What we learned from Brian Kemp’s landslide victory

The Gist: In the Republican runoff for Georgia Governor, Brian Kemp crushed Casey Cagle by a margin so large Kemp’s oversized pickup truck could easily fit in it. Kemp won with about 69 percent of the vote, sweeping the entire state — including the metro Atlanta area where Cagle was expected to have a stronghold.

What’s Next?: Kemp will go on to face democrat Stacey Abrams in the November election in a race that will determine the direction of the state for the next four years. Kemp and Abrams are at polar opposite ends of the political spectrum, so it will be a hard-fought battle.

What we’ve learned: Between the May 22 primary, where democrats chose Abrams, and the July 24 runoff, where republicans chose Kemp, we have learned several things about how the changing political landscape that has swept the nation is impacting Georgia. Here is a rundown of some new political realities we now know.

Georgia isn’t a place for moderates: If you are a moderate republican or a moderate democrat, you’re not going to have a lot of influence over the course of the next four years. Stacey Abrams represents the far left of her party, and Brian Kemp represents the far right of his. Abrams intentionally campaigned on the left and it energized Georgia democrats, who showed up to the polls in droves. Abrams won in a landslide. Kemp intentionally made himself the anti-establishment pro-Trump choice for governor and won in a landslide.

This doesn’t mean there are no moderates in Georgia, but the middle will get lost in the shuffle as each party appeals to the extremes. When it comes to political appointments and policies, moderates could find themselves without a seat at the table.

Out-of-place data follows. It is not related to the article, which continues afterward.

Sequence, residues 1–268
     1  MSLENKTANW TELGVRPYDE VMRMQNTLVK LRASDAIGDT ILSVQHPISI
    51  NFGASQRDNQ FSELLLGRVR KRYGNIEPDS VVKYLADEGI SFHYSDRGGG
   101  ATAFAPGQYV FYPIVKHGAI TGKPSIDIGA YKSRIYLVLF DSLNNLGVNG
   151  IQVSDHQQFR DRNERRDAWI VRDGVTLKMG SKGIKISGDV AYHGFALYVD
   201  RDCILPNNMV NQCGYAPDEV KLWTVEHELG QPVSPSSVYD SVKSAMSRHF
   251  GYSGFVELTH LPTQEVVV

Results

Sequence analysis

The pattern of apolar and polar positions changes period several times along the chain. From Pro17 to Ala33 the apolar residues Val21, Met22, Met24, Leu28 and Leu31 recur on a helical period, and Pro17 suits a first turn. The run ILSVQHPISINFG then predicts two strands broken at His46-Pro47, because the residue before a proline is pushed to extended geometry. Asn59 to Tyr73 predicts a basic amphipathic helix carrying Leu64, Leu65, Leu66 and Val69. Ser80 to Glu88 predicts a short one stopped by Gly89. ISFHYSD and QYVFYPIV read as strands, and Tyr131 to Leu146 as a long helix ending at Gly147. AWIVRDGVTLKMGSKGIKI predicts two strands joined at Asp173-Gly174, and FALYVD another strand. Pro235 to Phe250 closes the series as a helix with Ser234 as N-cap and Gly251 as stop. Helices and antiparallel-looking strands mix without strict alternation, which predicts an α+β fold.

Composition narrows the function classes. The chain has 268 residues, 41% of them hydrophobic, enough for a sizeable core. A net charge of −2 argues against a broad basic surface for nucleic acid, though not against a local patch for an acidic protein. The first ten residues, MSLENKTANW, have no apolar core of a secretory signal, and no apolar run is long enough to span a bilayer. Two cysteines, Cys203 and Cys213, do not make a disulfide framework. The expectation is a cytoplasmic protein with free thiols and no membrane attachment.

A Trump endorsement carries a lot of weight in Georgia: Most pundits are pinning Kemp’s victory on Donald Trump’s endorsement of him. While it is possible the secret recordings of Casey Cagle did more damage than they are being given credit for, it appears the Trump endorsement was at least the final nail in Cagle’s coffin. Kemp’s polling shot up after the endorsement and republicans in the state marched in lockstep with their president.

The November Election could go either way: In the May 22 primary, Stacey Abrams got 421,302 votes. A total of 550,904 democrats voted for governor in that race. In the July 24 republican runoff, Kemp got 404,112 votes and just over 581,000 republicans voted. The numbers here are close, especially when considering that the November election will have a higher turnout than a primary or runoff. 

According to the Georgia Secretary of State’s office, in 2014, Georgia had 5.1 million active voters, so while the primary and runoff have given us a lot of information about the state’s democrat and republican voters, it doesn’t tell us which voters didn’t turn out that may in the November election.

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